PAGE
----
We (anesthesiology) are par with everything that our network accepts. I am not a fan of surprise billing, but I dont think you grasp all of the issues here. Medicare reimburses at much lower rates than does private insurance in my specialty. If you work in a place with a high percentage of Medicare (or Medicaid which is worse) like we do, you cannot come close to earning market salaries. So we, many years ago, ended up working 95th percentile or worse hours (over 70 per week) while earning in the 15th-20th percentile in income. We lost a lot of staff. The hospital had to make up the difference so that we could hire and retain people. We were fortunate that our hospital had the resources to do that.
Up north of us another hospital faced a similar situation, but they didnt have the resources to subsidize their staff. So they fired a good team and brought in another. Told them it was OK to not bill in accordance with what the hospital accepted, like the prior group did. That let the new group earn enough, for a while, to hire and retain people. Hospital eventually failed anyway and had to be bought out.
I think most of the groups that I know are surprise billing are pretty greedy and sleazy, so I stay away from them. However, there are other cases where groups are in a tough situation and pretty desperate. Especially smaller rural hospitals that have trouble finding staff to begin with.
“I don’t think you grasp all of the issues here.”
Have you clicked on the links at all, which are in this commentary? They are from MedPage or Medscape (which ever one I chose), Health Affairs, Commonwealth Fund, etc. I did not look at Fierce Healthcare or Public Citizen. I did look at the New York Times and the NEJM https://www.nejm.org/doi/full/10.1056/NEJMp1916443?query=TOC . I have been writing on healthcare since 2007 and also did a lot of editing for Maggie Mahar. Granted I was never a doctor; but I worked for Baxter planning pills, ointments, Dialysis liquid, and helped bring about CD & CF Dialyzers, Bubble Oxygenators. When I started working in 74, I was making $11,000. In 1982 after attaining my Masters in Economics. I was at $33,000. I did not see six digit in a regular salary till the 2000s. No OT pay either or time and a half. So yeah, I understand what it is to struggle with a wife and three kids at home. I traveled to other countries on weekends and worked my 10-12 hour days.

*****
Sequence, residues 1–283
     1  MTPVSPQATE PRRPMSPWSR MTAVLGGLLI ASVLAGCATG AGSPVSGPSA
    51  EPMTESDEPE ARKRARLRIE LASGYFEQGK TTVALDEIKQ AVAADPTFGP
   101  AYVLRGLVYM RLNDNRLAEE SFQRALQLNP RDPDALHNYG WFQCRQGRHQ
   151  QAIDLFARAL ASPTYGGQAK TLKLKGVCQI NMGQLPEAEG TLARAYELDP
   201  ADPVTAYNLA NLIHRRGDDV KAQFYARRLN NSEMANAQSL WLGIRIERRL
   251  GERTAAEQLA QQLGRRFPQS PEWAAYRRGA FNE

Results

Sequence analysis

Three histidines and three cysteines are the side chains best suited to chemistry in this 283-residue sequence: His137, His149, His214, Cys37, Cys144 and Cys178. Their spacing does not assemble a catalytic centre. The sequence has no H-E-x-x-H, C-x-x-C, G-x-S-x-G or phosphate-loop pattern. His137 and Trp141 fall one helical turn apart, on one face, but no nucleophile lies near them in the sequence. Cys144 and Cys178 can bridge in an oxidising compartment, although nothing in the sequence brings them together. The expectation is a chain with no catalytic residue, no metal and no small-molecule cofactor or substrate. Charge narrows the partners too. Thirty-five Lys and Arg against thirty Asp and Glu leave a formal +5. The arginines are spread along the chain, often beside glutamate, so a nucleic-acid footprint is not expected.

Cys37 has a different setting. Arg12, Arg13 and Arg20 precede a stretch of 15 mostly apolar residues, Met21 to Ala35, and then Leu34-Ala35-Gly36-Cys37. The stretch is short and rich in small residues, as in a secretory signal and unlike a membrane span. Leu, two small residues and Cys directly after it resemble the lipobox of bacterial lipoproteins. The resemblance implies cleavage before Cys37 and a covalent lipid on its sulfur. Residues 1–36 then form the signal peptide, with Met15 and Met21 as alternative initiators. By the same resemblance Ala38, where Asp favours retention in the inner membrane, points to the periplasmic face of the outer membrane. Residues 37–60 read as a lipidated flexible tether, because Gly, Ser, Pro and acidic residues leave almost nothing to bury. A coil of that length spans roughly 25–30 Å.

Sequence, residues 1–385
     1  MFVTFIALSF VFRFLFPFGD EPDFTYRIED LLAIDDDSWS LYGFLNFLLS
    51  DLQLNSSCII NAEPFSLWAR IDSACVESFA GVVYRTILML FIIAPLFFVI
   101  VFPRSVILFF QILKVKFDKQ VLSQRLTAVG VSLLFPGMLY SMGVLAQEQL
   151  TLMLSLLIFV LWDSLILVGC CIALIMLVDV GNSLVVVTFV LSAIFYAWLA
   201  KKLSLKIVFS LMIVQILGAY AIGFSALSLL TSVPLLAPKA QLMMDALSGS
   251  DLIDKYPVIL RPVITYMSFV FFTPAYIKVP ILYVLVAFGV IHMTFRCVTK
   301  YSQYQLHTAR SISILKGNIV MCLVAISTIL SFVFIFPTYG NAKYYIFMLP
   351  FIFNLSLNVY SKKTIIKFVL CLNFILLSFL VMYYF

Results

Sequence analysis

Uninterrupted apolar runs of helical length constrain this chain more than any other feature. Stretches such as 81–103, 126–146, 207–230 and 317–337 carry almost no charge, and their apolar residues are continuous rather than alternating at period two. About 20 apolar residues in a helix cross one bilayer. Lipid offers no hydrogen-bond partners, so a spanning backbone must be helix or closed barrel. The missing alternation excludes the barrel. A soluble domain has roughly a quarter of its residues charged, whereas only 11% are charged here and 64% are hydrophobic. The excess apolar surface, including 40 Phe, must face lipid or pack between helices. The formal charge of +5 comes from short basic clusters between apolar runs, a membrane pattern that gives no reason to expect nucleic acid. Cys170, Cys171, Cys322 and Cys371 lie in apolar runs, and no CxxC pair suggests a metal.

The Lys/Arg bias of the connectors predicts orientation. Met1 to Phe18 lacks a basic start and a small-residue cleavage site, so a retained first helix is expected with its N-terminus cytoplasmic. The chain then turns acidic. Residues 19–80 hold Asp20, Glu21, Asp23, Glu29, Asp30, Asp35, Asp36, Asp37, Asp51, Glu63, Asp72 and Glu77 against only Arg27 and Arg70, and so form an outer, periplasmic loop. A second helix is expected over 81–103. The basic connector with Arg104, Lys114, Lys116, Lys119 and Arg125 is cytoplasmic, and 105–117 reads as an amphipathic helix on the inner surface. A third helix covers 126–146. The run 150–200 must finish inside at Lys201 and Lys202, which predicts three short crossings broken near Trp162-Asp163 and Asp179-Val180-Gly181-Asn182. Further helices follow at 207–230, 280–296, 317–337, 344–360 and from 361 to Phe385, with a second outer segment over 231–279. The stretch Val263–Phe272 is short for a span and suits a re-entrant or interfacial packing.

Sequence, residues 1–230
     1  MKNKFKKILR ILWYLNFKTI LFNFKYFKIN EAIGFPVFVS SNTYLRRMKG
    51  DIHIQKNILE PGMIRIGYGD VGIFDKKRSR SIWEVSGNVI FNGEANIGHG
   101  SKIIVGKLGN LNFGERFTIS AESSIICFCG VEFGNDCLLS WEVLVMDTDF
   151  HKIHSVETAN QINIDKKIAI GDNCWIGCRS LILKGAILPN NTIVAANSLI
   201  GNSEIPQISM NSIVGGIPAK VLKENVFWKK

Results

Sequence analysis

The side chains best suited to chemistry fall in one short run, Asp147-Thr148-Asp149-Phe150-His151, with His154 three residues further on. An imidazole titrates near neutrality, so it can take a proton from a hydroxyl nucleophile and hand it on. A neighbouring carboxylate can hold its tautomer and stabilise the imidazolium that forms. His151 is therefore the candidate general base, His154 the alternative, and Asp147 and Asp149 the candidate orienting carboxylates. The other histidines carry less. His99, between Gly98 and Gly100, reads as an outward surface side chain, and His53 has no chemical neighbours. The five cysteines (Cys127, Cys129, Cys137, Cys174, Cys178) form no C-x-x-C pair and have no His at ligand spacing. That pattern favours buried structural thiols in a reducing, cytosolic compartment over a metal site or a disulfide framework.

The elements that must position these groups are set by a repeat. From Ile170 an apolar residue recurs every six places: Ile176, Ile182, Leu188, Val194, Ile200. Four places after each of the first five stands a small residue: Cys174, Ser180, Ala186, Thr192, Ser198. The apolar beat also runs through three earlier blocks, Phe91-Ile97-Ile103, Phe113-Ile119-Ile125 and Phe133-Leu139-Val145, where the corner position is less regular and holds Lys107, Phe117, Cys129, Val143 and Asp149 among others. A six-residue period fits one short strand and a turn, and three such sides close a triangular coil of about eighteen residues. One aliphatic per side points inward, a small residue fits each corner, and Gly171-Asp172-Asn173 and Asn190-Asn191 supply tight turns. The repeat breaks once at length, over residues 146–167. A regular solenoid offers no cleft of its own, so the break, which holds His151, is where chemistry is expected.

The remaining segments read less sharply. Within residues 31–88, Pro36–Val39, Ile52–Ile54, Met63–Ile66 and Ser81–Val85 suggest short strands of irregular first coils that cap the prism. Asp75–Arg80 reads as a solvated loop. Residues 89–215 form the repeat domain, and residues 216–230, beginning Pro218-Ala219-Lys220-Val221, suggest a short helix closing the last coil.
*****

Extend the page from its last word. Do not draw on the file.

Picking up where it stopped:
Rural hospitals are a different and pressing issue. I did not address that here. Mayo closed its rural hospital and brought the services in to the main facility. So much for ACOs giving a sh*t about rural when they can afford to do so. The biggest impact on health insurance premiums is from in patient and out patient costs (2007-2014). 60% of the issue was “just” pricing. Doctors had a 7% increase during that time period as measured against 42 and 25% out and in. Much of the surprise billing issue is driven by Blackstone and KKR who are squeezing the blood out of the two 3rd party companies until they get their $dollars back and then they will tell them goodbye.
No one said anything about paying Medicare Rates even though somewhere in the stuff I read, PCPs are making 139% Medicare rates. I am sympathetic; but, I do not agree when 1 out of five bills are surprise billings (NEJM, etc.).
I am glad you did respond though. Thank you.
As one expert on Single Payer said to me; “why do we have networks?”
You are doing an important service to the community covering this important topic. Thank you !
likbez, I agree with you.
This is going to be an epic battle, with lobbyists descending like locusts on a wheat field.
Blackstone Group owns Team Health and KKR owns Envision Healthcare and they funded Doctor Patient Unity. Then there is American College of Emergency Physicians, US Acute Care Solutions and US Anesthesia Partners who together gave roughly $1.1 million in 2019 to members of Congress. Envision and Team are up to their necks in debt after being bought by venture capitalists.